Loudon County E-911 Director Jennifer Estes had no idea she would be presented the Senator Joe Haynes Award when she traveled to Murfreesboro for the annual Tennessee Emergency Number Association conference last month.
"They don't reveal the nominees," she said. "They just present the award, so it was a surprise."
The award is given to nominees that go above and beyond the call of duty, and it is not always presented if applicants fail to meet the criteria. Estes heads a center that receives about 14,000 calls each month, overseeing the entire operation.
But that was not the sole reason for her nomination.
E-911 Assistant Director Rose White said Estes deserved the nomination largely based on her advocacy for passing the Kelsey Smith Act last year, making Tennessee currently one of 13 states to enforce it. The bill requires cell phone providers to give emergency service personnel call location information in the event of a life-threatening situation.
Estes said previous legislation required a court order and subpoena to get the phone's location if the person did not call themselves.
"So now if someone else reports that someone else is missing or has been abducted or, you know, something emergent going on that's life threatening, even if that person hasn't called us directly, then we can ping their cell phone based on an emergency circumstance only," Estes said.
Estes said she met Kelsey Smith's mother at a Child Abduction Response Team training in Kansas City in 2011. After hearing Smith's mother tell the struggles her family went through when the 18-year-old girl was abducted, sexually assaulted and murdered, Estes made a push to help pass the bill.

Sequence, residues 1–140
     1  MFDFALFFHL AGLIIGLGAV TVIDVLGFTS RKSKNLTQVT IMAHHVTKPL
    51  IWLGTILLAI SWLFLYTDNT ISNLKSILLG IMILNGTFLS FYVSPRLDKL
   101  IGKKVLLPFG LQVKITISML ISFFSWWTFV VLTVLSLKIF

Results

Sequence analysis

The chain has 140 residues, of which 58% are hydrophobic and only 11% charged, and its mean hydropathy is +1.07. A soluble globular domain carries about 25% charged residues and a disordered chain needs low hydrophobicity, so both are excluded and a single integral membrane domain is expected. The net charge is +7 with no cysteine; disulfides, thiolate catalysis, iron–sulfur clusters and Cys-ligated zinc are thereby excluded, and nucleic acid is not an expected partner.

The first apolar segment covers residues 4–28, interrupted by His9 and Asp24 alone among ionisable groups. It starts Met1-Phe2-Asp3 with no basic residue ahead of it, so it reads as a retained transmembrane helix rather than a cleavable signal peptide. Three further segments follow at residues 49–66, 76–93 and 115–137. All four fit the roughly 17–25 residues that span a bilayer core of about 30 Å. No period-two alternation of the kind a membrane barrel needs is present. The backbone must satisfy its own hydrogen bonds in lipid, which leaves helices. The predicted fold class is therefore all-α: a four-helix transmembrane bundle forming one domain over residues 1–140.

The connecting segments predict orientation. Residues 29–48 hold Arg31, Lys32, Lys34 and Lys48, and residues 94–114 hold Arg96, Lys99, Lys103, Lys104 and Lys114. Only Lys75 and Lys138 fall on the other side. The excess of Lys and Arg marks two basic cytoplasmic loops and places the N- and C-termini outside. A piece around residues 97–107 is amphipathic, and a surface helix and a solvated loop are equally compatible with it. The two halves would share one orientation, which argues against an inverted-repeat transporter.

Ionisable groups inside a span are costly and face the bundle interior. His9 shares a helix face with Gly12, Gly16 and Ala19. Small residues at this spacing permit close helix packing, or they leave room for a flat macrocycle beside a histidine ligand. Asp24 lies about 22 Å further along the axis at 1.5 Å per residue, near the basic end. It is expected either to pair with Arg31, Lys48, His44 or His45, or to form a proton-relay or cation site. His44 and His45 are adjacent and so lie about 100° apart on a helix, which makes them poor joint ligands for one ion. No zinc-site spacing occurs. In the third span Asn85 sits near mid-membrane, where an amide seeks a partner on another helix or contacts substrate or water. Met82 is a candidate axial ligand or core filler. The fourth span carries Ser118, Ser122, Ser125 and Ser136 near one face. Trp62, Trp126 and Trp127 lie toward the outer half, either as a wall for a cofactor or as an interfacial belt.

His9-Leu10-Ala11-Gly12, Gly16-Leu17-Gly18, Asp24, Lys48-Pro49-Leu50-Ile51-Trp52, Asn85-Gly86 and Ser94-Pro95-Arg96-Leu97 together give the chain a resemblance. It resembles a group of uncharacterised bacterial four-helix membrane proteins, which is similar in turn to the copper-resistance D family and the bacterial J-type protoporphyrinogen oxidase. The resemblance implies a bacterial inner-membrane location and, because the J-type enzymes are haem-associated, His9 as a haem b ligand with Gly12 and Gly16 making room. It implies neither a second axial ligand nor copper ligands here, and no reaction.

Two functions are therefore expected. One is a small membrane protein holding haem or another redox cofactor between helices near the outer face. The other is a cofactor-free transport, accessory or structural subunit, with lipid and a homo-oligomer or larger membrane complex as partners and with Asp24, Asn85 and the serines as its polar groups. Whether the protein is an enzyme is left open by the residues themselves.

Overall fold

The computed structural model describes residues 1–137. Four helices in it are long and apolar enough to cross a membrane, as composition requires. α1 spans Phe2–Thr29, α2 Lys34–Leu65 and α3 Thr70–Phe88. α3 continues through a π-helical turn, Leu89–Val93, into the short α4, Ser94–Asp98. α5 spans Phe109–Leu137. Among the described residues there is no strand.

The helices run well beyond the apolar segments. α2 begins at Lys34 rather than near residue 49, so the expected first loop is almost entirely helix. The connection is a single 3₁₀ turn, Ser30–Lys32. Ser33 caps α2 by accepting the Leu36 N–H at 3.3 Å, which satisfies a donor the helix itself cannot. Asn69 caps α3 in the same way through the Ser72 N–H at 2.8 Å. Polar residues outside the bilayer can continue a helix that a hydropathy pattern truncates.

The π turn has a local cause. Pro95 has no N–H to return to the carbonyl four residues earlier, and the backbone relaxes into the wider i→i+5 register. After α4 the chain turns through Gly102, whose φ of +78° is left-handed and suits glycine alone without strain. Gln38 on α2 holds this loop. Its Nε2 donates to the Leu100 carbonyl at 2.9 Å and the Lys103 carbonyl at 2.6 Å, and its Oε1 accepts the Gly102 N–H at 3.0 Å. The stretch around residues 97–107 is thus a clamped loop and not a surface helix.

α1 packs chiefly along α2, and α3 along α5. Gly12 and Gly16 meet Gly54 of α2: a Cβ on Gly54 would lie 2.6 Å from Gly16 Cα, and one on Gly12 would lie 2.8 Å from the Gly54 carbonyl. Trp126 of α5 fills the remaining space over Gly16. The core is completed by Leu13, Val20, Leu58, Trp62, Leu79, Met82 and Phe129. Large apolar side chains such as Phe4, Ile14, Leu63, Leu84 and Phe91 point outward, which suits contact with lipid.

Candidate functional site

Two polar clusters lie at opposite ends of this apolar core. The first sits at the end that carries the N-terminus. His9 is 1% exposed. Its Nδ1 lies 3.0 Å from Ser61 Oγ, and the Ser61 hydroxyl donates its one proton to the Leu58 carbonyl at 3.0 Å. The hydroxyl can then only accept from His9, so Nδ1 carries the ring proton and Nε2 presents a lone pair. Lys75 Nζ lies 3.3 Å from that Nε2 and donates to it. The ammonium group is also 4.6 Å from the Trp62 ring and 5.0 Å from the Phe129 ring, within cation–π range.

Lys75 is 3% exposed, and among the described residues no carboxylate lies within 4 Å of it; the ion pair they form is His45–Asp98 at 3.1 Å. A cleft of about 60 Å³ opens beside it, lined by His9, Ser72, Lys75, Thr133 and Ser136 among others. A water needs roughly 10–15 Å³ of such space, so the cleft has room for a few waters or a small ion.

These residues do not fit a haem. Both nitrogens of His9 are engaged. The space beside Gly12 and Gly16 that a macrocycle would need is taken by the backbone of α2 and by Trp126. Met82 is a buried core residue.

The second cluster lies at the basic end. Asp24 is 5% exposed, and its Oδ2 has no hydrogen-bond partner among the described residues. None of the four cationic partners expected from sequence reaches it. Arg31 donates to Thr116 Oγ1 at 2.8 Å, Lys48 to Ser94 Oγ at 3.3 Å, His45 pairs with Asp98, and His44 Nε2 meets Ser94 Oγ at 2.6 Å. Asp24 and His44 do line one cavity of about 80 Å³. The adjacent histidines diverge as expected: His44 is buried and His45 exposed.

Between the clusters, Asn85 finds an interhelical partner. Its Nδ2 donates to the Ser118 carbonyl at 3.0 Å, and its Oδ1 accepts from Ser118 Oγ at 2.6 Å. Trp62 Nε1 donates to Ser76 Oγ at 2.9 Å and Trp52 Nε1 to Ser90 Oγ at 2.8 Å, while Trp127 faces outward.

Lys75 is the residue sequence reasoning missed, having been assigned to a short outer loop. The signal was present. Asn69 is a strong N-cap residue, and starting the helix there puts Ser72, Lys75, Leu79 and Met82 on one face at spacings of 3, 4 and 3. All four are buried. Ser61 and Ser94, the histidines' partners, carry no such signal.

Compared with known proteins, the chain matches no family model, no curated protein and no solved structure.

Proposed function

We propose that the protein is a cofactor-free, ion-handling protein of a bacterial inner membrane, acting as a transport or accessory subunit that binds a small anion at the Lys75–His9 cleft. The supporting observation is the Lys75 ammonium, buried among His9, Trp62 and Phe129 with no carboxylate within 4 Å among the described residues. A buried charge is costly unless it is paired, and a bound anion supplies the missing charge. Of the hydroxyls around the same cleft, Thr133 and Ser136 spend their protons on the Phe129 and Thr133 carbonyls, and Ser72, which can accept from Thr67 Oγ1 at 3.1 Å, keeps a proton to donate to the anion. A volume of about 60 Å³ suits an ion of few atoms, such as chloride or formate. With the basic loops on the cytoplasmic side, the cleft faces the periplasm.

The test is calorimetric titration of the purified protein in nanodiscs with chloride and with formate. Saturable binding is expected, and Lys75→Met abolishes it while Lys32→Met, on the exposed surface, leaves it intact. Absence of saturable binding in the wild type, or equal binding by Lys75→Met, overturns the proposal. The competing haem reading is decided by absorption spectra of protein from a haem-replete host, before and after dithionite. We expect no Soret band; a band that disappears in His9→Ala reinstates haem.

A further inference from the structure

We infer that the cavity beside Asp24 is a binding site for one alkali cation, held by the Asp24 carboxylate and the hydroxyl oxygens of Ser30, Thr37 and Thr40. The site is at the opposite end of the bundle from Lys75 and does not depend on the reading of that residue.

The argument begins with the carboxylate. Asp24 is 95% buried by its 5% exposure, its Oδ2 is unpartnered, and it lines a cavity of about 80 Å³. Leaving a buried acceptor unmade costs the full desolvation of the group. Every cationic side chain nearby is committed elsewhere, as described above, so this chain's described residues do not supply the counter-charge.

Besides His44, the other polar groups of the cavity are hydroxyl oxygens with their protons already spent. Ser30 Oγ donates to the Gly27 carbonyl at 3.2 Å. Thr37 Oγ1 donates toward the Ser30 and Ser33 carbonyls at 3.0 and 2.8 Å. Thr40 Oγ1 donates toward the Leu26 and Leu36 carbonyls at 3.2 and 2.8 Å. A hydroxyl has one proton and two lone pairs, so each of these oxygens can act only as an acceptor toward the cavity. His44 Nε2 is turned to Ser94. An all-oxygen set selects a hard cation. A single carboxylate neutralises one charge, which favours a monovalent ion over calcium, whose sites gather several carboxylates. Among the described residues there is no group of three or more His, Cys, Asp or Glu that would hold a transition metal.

She said State Rep. Jimmy Matlock, R-Lenoir City, and State Sen. Randy McNally, R-Oak Ridge, both agreed it could be a piece of legislation that would help save lives.
The bill was first introduced into legislature in January 2012 and passed three months later.
"I think as a mom that when there's stuff that happens with children that it's more near and dear to your heart," Estes said. "So when she started telling that story, it made me think of situations that we would be in the same circumstances."
Working with Estes for eight years, White said the nearly 10-year director deserved the award based on her work ethic.
"Jennifer has a passion for 911, a passion for our citizens," White said. "She wants everybody to be taken care of. She goes above and beyond what's asked of her in all of her duties. She holds many positions within 911 and is very well respected among her peers."
Matlock commended Estes on her efforts, and said McNally and he had more co-sponsors on that bill than any others presented at the time because "it made so much sense."
"She thought that is something we've got to do, and so she came back, came to me and said, 'Jimmy, I'll help write this legislation if you'll get down there and pass it'," Matlock said. "It's one of those times in life we hope that we can take a horrible story and, through the information gathered now, we can help locate these people with their cell phone technology.
"I mean, they've already had a number of cases where people's lives have been saved because of what Jennifer and this family are doing," he said.
The law has been used around the state on "multiple cases and lives have been saved as a result," Estes said. She said she remained hopeful the law would eventually be passed nationwide.
"I know that the family has made trips to (Washington, D.C.) hoping on a national level that they can get something done," Estes said. "I think it's something that will take off. There's a huge need for it."
According to the Kelsey Smith Foundation website, seven more states have proposed the bill, and representatives from 11 states have been contacted.
"I think when you are in public safety fields and when you run across things that maybe haven't even presented themselves in our community, but you can see the benefit for them and you can see that it's going to save someone's life later on," Estes said, "that it is your obligation to try to get that to where in the future it's there if it's needed."